Australia: Anger erupts over privatised bus services in Newcastle

By Max Newman
8 March 2018

An estimated 1,000 people gathered at a public meeting on February 19 in the industrial city of Newcastle, two hours north of Sydney, expressing discontent and frustration over the privatisation of the city’s buses. It was standing room only, with residents spilling outside the hall.

The meeting was held just days after the New South Wales (NSW) state government announced the extension of the bus privatisation program to inner-western Sydney. It handed a major contract to private operator, Transit Systems, deepening the attack on public transport services and workers across the state.

The Newcastle meeting was organised by the opposition Labor Party, with the support of the Rail, Tram and Bus Union (RTBU), in an effort to cover over their own role in the privatisation of the city’s bus service and divert the hostility of the residents toward the re-election of another pro-business Labor government.

The meeting was called after numerous complaints surfaced over a new timetable in January that resulted in a further reduction in the reliability of services. One high school student told the meeting it now takes him one hour and 50 minutes to get to school in the morning and two hours and 15 minutes to get home. Yet his school is only a 40-minute drive from his house.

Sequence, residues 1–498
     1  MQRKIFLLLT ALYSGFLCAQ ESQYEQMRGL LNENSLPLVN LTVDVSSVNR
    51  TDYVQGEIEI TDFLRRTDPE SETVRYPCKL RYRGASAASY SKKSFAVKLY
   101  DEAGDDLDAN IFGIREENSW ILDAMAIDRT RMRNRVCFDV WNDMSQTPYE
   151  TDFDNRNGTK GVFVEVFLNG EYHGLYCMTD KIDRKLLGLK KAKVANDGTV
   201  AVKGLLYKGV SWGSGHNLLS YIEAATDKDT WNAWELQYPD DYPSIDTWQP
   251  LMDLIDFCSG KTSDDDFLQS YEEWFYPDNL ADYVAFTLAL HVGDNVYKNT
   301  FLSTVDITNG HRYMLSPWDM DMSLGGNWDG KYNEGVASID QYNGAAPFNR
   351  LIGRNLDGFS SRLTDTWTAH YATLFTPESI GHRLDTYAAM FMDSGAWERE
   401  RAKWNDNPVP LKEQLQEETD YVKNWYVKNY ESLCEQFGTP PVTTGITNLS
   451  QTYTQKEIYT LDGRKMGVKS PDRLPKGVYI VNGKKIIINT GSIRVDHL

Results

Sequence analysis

Bec Cassidy, who cannot drive due to a medical condition, said that the timetable change means she will have to send her daughter to another primary school for her final year.

The promised “on-demand” bus system was also condemned. A mother with a three-month-old son said she had ordered a bus for between 9am and 9:30am, four days before an important 10am appointment. She lives outside the “on-demand” area, so had to walk 20 minutes in the rain with her son to reach the bus stop, only to receive a message at 9:02am that her bus was cancelled. It took numerous phone calls before a bus finally turned up at 9:45am.

In 2016, the state Liberal-National government awarded Keolis Downer, a joint venture between Keolis, a large French transport group, and Downer Rail, an Australian railway engineering company, a 10-year contract to run Newcastle’s buses, ferries and a proposed light rail system. The consortium has been granted similar contracts across the country.

Since Keolis Downer took over the Newcastle operations last July there has been a sharp fall in on-time services. According to the company’s own statistics, from July to November the proportion of on-time bus services dropped dramatically, from 95.24 percent to 79.08 percent. Mid-trip measurements fell from 86.92 percent to 51.93 percent.

This has particularly affected school children, university students, people with a disability and residents who cannot drive. Many people depend on the buses because Newcastle, Australia’s seventh largest city, with nearly half a million people, has only two train lines, neither of which now reaches the city centre since the state government shut the downtown line in 2014.